In U.S. and Europe, antibiotic prescriptions can be made without an in-patient visit (e.g. over the phone, electronic health record). “It is worse in Asia. In many developing Asian countries, generic antibiotics can be bought at any pharmacies or drug stores,” Dr. Kwa commented.
According to the U.S. Centers for Disease Control and Prevention, 30 to 50 percent of antibiotics are over-prescribed in outpatient scenarios due to the manual risk assessment of infections and a lack of visibility on the medical history of patients while evaluating patients at the first touch point.
“The prescription of antibiotics globally, including in Singapore, is largely reliant on the doctors’ clinical experience and sharp diagnostic sense. This could potentially give rise to inconsistent practice and patient outcomes, especially in local hospitals with high patient volume, where we need to diagnose fast,” said Dr. Kwa.
AI to the rescue
A potential solution? Dr. Kwa shared SGH is collaborating with DXC Technology to launch a new project currently being developed, called the Artificial Intelligence (AI) Aid for Antibiotics Prescribing.
Using data analytics and advanced algorithms, DXC and SGH are working on an AI solution that can guide a doctor in prescribing antibiotics. Akshay Saigal, director Labs, DXC Technology, Asia, explained the AI will manage data associated with complex diagnoses and healthcare strategies, while considering patient demographics, clinical standards, treatment and investigation history. It then derives an effective and intelligent treatment regimen, allowing for more personalised treatment and reducing the possibility of miss or over-prescription of antibiotics.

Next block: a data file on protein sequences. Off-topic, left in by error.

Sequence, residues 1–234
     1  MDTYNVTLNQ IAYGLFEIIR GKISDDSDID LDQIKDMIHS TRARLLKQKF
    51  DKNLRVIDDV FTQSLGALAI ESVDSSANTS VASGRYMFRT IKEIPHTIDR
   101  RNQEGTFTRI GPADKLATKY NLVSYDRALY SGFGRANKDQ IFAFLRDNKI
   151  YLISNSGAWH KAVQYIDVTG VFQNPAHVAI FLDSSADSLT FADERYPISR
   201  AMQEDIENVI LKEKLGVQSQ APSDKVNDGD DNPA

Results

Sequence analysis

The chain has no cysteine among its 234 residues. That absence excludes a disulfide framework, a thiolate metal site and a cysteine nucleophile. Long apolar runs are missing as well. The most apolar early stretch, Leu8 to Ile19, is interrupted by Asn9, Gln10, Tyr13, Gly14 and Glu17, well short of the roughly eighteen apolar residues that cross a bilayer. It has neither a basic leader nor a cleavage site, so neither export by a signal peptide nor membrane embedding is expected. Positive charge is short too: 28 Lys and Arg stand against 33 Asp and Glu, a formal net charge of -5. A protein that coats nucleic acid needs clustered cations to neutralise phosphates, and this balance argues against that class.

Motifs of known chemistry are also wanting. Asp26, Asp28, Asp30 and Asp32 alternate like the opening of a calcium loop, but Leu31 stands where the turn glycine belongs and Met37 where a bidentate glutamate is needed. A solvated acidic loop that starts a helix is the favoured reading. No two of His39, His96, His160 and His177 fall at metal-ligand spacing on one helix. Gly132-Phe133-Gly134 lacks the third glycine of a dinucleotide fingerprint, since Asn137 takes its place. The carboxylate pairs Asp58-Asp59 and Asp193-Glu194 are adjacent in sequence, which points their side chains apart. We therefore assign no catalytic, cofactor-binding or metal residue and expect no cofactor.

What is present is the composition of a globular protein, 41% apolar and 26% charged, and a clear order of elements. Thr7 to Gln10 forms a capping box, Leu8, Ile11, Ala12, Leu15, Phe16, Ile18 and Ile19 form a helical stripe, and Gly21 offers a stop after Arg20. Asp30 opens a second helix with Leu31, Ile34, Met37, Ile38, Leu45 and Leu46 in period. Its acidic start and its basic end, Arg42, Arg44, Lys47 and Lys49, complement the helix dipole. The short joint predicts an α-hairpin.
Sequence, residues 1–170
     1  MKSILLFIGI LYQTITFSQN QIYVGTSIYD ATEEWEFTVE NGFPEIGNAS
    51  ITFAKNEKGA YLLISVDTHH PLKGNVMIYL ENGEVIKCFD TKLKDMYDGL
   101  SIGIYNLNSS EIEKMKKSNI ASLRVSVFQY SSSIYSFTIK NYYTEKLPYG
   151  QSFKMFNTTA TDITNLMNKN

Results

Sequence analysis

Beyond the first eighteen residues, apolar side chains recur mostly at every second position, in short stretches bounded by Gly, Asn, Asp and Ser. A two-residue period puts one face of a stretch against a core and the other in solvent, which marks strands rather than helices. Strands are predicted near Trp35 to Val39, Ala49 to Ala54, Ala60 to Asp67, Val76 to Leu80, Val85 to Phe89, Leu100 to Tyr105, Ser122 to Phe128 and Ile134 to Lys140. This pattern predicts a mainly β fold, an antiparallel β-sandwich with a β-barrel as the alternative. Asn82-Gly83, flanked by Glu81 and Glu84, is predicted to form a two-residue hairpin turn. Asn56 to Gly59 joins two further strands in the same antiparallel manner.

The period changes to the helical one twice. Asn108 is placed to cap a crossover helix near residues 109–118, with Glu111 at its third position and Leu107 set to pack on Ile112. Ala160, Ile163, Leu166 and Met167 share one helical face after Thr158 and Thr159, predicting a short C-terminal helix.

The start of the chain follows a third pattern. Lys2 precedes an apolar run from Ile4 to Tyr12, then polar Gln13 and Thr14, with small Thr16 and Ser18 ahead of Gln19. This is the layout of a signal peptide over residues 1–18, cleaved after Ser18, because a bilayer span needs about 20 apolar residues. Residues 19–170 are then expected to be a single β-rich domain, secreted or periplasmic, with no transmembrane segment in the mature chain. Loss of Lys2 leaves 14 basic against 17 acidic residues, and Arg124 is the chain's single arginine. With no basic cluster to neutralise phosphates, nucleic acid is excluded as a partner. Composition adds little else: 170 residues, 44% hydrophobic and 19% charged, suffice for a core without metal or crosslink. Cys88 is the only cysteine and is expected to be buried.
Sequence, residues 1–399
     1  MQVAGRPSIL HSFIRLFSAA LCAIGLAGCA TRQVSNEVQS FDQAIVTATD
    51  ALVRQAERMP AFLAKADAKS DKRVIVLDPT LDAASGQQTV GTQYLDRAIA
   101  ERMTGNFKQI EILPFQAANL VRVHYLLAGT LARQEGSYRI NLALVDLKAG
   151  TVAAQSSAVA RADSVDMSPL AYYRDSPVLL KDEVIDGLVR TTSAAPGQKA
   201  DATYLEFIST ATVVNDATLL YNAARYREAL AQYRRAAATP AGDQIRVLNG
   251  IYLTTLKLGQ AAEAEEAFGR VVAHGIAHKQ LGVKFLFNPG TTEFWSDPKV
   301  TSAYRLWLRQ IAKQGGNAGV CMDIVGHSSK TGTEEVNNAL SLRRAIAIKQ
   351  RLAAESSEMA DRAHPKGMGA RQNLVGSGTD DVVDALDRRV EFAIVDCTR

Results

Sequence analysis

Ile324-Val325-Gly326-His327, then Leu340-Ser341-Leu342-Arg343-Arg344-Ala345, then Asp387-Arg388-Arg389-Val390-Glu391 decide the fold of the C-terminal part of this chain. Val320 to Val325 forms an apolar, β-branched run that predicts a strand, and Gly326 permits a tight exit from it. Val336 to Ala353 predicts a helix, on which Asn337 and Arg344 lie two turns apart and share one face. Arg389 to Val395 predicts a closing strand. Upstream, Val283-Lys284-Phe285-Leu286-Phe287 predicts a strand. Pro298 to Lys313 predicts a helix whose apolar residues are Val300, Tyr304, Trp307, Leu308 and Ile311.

This solution was recently recognised as one of the most impactful projects, by the Ministry of Health, Singapore at the “National Health Tech Challenge” awards.
What this means for patients and physicians
The AI Aid for Antibiotic Prescription solution enables physicians to be better informed when prescribing antibiotics, in real-time, bringing about the better management of patient health, reduction in hospital stays and decreased healthcare costs for patients.
Besides increasing healthcare costs, AMR, or the growing resistance of micro-organisms like bacteria and viruses, is a major cause for concern for the healthcare industry on the whole. This brings about the major need for precision medicine prescribing.
- Wellcome Trust. Review on Antimicrobial Resistance. Antimicrobial Resistance: Tackling a Crisis for the Health and Wealth of Nations. Wellcome Trust; 2014 [Available from: http://www.jpiamr.eu/wp- content/uploads/2014/12/AMR-Review-Paper-Tackling-a-crisis-for-the-health-and-wealth-of- nations_1-2.pdf
- Boucher HW, Talbot GH, Bradley JS, Edwards JE, Gilbert D, Rice LB, et al. Bad bugs, no drugs: no ESKAPE! An update from the Infectious Diseases Society of America. Clin Infect Dis. 2009;48(1):1-12.
Akshay Saigal, director Labs, DXC Technology Asia
Dr Andrea Kwa, assistant director, Pharmacy (Research) and Pharmacy Clinician-Scientist, Singapore General Hospital